10. The only "temper tantrum" Paul was Derek pounding on the desk and Chris getting flustered and leaving. Mike and Ken were pretty civil and stuck around to answer questions after Chris left and also after the seminar ended with Steve. You really shouldn't make assumptions about the event if you were not there.
  11. This is an analogy that is too simple and misleading. You cannot look at this solely on an individual consumer's experience and make the claim when the whole thing is about distributing music at scale. Running a streaming service requires lots of bandwidth and lots of storage. While individually both are cheap, there are many issues that these services face at the vast scales they work in. Look at amazon or netflix. Many times the video will stutter at night when bandwidth is heaviest. As for downloads, Qobuz hangs up on me all the time although I have fiber-optic speed. 24/192 I think requires around 9 mbps download speeds. It's provable that many areas in the country don't have that. As long as these problems persist, you cannot argue that file size compression is an idea whose time "has come and gone."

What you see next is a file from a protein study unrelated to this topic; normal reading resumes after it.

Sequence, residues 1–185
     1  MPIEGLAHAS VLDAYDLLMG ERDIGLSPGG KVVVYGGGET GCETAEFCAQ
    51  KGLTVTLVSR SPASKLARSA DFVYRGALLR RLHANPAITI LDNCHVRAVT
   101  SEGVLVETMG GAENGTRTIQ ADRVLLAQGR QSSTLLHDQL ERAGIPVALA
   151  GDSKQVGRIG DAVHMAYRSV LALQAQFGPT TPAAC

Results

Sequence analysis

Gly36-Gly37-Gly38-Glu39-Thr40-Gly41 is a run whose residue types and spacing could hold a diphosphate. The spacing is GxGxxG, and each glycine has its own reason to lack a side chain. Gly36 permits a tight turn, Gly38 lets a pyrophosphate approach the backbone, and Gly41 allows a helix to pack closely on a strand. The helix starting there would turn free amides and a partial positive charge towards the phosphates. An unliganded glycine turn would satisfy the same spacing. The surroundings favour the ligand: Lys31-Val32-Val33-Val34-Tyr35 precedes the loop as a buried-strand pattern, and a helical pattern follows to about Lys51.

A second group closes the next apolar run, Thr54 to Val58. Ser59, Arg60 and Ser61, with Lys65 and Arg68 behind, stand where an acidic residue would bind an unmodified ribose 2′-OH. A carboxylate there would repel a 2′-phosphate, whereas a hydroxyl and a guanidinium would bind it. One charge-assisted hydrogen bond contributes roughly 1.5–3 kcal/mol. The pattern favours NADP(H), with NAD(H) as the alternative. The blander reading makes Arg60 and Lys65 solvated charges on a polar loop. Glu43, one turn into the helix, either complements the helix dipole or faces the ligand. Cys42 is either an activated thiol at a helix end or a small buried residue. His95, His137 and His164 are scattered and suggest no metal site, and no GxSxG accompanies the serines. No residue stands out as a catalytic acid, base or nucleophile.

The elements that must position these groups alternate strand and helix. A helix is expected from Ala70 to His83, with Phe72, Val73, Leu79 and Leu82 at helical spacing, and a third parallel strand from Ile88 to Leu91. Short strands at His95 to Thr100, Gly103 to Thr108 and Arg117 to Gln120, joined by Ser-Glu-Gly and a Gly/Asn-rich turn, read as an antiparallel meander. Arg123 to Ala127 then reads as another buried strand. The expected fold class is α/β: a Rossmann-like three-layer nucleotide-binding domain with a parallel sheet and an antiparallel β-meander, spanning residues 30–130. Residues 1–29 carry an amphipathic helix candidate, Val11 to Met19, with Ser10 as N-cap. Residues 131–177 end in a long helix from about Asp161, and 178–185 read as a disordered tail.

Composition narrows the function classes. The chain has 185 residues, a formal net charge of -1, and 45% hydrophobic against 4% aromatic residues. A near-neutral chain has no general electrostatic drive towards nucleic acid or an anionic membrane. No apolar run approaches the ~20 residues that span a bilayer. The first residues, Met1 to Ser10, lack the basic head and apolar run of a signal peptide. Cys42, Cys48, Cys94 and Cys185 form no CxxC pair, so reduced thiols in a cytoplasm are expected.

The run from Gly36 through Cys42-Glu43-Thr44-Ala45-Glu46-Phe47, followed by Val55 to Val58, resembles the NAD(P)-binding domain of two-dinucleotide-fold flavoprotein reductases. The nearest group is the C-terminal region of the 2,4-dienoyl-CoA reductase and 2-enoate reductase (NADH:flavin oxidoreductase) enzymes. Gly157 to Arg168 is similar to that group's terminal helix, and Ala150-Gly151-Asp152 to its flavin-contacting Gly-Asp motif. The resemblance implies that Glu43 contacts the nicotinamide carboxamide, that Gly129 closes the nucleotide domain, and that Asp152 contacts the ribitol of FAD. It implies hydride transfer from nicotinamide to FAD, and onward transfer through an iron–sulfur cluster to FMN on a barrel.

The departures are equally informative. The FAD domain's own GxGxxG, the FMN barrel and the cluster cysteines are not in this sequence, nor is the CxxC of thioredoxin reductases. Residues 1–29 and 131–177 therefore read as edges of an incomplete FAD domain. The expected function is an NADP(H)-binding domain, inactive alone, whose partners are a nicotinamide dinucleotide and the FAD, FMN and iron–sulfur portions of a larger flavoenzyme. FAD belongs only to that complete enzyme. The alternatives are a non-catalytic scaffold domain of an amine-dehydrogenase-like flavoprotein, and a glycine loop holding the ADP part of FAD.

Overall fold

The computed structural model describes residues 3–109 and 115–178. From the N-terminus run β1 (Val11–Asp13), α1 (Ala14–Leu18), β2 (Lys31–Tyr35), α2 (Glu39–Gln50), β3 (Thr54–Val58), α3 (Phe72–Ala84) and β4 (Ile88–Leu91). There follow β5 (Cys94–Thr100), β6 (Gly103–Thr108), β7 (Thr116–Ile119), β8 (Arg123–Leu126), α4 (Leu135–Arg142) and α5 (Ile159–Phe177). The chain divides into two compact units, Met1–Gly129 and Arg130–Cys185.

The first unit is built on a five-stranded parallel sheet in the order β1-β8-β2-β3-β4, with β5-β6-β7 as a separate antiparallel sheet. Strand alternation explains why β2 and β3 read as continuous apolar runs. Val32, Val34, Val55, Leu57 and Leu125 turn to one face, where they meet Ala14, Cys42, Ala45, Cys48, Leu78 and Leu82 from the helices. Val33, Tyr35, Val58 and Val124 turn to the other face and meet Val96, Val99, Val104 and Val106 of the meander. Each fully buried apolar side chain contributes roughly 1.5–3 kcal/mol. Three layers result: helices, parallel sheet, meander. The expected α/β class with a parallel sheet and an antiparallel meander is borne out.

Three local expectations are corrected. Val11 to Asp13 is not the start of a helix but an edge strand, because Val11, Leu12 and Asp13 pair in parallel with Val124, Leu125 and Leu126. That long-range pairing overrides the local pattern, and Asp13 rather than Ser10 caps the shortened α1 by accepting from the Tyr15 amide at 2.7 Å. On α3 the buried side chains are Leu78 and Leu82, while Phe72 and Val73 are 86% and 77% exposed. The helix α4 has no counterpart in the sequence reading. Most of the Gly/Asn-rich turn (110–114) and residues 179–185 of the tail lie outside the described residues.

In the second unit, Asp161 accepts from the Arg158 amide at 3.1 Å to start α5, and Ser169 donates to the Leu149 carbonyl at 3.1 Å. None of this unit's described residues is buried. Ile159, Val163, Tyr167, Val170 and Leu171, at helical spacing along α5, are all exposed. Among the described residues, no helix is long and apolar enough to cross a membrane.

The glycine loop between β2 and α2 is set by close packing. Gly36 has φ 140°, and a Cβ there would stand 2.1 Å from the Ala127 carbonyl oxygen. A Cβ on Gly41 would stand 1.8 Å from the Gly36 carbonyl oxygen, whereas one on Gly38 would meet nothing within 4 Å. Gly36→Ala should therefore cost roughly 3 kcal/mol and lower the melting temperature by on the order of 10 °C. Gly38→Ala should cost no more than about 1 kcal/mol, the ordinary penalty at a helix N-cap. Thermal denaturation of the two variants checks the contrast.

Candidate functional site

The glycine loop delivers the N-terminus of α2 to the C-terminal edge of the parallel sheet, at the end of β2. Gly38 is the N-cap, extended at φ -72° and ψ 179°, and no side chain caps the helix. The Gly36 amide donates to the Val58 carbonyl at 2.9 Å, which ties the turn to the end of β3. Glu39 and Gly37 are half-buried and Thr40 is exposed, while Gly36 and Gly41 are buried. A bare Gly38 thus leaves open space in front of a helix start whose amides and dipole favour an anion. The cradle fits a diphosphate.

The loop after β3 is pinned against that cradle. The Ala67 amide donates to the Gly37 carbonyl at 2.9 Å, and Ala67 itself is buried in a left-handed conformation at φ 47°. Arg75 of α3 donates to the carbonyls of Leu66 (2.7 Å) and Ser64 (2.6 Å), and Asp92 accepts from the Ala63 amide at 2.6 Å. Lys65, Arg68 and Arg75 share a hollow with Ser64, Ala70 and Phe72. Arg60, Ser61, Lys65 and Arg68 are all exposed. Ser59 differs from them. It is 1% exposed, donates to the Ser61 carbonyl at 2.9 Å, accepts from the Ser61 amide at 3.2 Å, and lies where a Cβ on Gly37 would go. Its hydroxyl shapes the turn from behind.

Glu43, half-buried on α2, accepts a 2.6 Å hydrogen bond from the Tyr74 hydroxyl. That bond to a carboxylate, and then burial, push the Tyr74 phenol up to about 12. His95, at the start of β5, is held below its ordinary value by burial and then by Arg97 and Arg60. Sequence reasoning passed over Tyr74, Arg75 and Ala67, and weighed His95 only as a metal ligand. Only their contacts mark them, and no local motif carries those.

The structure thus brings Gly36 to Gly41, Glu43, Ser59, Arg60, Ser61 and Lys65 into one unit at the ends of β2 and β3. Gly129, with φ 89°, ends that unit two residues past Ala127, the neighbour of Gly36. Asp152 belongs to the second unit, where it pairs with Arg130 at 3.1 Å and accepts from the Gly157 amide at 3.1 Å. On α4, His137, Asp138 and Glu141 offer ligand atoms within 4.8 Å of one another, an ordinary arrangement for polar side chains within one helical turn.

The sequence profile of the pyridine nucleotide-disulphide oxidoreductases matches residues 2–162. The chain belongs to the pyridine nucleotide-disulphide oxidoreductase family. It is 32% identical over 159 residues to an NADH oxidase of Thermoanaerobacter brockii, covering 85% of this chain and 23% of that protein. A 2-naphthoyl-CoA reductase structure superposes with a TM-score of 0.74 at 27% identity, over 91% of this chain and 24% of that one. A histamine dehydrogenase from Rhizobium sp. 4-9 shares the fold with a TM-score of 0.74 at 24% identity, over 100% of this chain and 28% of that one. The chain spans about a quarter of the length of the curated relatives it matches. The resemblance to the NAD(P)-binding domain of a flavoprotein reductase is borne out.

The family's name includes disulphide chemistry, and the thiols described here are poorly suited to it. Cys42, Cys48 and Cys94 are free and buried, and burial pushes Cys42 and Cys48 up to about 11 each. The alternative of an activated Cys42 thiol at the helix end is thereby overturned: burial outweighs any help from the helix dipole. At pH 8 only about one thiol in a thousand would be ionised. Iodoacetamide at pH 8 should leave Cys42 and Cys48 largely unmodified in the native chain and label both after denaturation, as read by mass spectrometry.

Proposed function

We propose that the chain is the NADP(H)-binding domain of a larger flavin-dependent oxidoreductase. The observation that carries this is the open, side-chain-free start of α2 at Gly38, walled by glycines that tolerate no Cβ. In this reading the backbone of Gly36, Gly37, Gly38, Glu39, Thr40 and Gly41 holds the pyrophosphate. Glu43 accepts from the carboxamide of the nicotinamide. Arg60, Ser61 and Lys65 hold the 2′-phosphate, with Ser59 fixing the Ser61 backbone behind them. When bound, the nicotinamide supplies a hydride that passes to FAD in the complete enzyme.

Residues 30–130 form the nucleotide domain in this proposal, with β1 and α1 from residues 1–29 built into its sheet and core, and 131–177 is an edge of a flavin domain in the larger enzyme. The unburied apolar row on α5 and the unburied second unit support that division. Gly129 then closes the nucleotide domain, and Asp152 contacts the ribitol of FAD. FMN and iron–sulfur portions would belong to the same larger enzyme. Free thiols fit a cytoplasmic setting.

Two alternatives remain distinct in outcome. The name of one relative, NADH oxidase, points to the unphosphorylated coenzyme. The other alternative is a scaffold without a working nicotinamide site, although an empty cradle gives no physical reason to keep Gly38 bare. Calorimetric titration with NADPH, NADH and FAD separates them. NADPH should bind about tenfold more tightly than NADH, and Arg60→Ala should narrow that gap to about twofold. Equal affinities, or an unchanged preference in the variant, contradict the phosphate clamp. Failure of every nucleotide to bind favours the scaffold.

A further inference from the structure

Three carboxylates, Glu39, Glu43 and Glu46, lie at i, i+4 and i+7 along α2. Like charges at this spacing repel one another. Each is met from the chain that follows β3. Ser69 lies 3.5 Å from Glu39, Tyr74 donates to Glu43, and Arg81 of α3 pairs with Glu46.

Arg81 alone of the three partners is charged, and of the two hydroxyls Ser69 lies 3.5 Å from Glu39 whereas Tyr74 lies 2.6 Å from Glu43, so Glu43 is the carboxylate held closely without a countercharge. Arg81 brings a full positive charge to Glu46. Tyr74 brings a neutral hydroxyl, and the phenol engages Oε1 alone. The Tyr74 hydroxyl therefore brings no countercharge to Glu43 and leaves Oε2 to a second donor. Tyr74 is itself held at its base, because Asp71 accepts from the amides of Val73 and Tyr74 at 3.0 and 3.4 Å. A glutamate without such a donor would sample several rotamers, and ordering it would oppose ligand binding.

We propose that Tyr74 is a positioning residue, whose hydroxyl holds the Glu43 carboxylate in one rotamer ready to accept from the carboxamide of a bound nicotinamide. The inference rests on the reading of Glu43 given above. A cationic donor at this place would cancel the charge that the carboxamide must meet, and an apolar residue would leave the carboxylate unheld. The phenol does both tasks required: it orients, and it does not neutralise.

12. This really an accurate description of what happened at all Chris. In talking to Ken and Mike, they were frustrated that your slides were so one-sided and ignored the materials that they had sent you that addressed the points you were making. And as my ignored response showed, there were valid counterpoints to almost every slide. If you had been more objective and presented both sides, then said, "I believe this side, because..." then you would have been more credible, even if you chose the anti-MQA viewpoint. Instead the slides (as I detail herein) did not address many of the counterpoints. That frustrated Ken and Mike and understandably so.